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Acer Africa pins hopes on Google cable for Chrome Enterprise growth

Sibahle Malinga
By Sibahle Malinga, ITWeb senior news journalist.
Johannesburg, 16 Apr 2021
Acer Africa GM and consumer lead Glenn Du Toit.
Acer Africa GM and consumer lead Glenn Du Toit.

Acer Africa says it has seen tremendous growth in demand for its devices in SA over the past year and believes Google's Equiano cable project will fuel more demand for its Chrome Enterprise portfolio, powered by Google.

The Taiwanese multinational PC corporation’s laptop and PC portfolio includes Spin and Swift (high-end), Travelmate (remote working), Chromebook (integrated with Google’s operating system), and the Nitro, Predator and Predator Triton (targeted at gamers).

It says while the COVID-19 pandemic has fuelled demand for its devices across its consumer and business channels, as a result of the increase in work-from-home and e-learning trends, its Google Chrome portfolio has not enjoyed as much demand.

The PC maker says it aims to maximise the opportunities presented by Google's Equiano cable project, to increase local demand.

Equiano is Google's third independent undersea network cable, which the company says will shuttle high-speed data from Portugal to SA and countries in between, starting this year.

The fibre-optic project is part of Google's $47 billion investment, over the last three years, in the search giant’s computing infrastructure, which is expected to provide high-speed computing power estimated to be 1 200 times the maximum speed of average PCs.

Among its benefits, the cable is expected to send a continuous stream of connectivity and boost its various service offerings, which include Google Cloud, the Chrome operating system, Chromebook devices, Google workspace, Google Meet, etc.

In a telephonic interview with ITWeb, Acer Africa GM and consumer lead Glenn Du Toit explained the company’s strategy has evolved over the years from being an end-user-focused company to being a diversified PC maker that focuses on government, SMEs and more recently larger enterprises.

“Google's Equiano cable project is expected to open up Google’s services in the enterprise environment, so we are foreseeing that we will start to see Chrome as an operating system becoming more viable and more readily accepted locally,” notes Du Toit.

“Acer is one of the dominant players in Chrome globally and as a business, we have really massive market shares in various parts of the world in terms of Chrome devices. These are devices which have not seen much demand in SA, and if we do start seeing this gaining traction as a result of the project, it puts Acer in a strong position to fulfil that need in the market.”

While Chrome devices are not as popular as competitor Microsoft Edge devices, and don’t compete on the same level as Microsoft, Du Toit points out the company projects it will start seeing growth in the Chrome Workspace device platform and in the Chromebook portfolio within the next few years.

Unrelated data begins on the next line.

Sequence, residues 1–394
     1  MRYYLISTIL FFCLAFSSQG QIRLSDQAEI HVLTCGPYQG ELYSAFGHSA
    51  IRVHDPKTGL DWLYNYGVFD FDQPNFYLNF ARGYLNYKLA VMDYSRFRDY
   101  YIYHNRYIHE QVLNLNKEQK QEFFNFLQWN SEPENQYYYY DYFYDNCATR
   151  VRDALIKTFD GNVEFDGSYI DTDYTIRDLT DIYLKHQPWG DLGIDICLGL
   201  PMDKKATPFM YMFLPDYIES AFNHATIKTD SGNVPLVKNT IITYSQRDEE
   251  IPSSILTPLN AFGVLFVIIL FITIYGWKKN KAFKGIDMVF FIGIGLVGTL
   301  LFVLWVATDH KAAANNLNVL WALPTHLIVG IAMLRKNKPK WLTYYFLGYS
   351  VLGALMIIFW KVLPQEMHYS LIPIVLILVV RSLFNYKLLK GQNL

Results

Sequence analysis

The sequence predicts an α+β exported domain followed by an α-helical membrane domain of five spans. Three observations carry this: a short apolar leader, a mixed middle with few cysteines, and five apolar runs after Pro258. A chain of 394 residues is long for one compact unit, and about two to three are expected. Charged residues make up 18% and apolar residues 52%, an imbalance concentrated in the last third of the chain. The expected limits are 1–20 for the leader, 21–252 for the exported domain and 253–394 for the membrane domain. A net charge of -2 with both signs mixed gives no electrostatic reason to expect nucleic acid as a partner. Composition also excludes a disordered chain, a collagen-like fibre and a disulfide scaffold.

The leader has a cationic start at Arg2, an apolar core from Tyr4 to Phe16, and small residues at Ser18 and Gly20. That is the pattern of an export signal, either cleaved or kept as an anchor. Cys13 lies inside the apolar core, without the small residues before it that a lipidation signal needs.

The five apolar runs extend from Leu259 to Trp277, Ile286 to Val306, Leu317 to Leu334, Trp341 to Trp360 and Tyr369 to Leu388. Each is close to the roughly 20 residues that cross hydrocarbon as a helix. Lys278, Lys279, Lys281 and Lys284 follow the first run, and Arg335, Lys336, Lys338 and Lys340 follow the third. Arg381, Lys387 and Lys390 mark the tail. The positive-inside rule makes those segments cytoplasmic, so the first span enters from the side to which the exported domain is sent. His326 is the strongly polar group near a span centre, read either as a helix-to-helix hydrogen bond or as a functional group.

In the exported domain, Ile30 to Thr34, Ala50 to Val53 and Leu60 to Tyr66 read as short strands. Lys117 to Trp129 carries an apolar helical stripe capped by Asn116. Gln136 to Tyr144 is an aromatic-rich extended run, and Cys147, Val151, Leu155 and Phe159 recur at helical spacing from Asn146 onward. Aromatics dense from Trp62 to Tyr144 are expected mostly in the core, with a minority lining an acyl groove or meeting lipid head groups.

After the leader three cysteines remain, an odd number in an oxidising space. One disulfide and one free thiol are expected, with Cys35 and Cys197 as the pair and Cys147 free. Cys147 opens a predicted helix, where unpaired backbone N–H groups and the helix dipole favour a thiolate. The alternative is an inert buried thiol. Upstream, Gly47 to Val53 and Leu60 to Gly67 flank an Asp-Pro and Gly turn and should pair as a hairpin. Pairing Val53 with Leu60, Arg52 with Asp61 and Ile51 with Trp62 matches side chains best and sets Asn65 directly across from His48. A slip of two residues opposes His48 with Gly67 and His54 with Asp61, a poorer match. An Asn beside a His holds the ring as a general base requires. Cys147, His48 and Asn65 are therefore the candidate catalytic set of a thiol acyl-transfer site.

Maintaining COVID-19 bubble

Acer has almost 4 500 partners that are supplied through its reseller base, with three distributors that focus on the SA market: Mustek, Tarsus Distribution and Rectron.

Asked how big Acer’s market share is in SA, Du Toit hesitates to respond, saying the firm has seen “remarkable growth” and is currently focusing on increasing its partner network nationwide.

“We believe we need to focus on expanding our nationwide distribution and open up business opportunities as we are not the major player locally.

“I would like to see us grow more in the enterprise business, because in an environment where organisations are shifting into the cloud, business reliance on a specific brand or device for [all their IT services] becomes less important. This gives us an opportunity for the growth in tends like bring-your-own-device, as more organisations move towards a direction where organisations provide employees with a list of accredited PCs,so that’s one area of expansion that we are hoping to see.”

While the company has seen significant local growth in the past year, the global shortage of PC components created by the COVID-19 pandemic has dented its overall growth potential.

The global shortage of computer chips coincided with the soaring demand for tech products and reportedly reached crisis level by March this year, affecting the electronics and mobile industries.

However, Du Toit is of the view that the shortages will ease as more governments across the globe increasingly rollout vaccine programmes.

“Although our market share has remained stable, the supply chain shortage happened in a growing market across the board. But we need to ensure there is sustainability in that growth because if the current growth of the PC market is not sustainable, it is going to slump very quickly as soon as the COVID-19 bubble pops, and we need to focus on long-term sustainability.”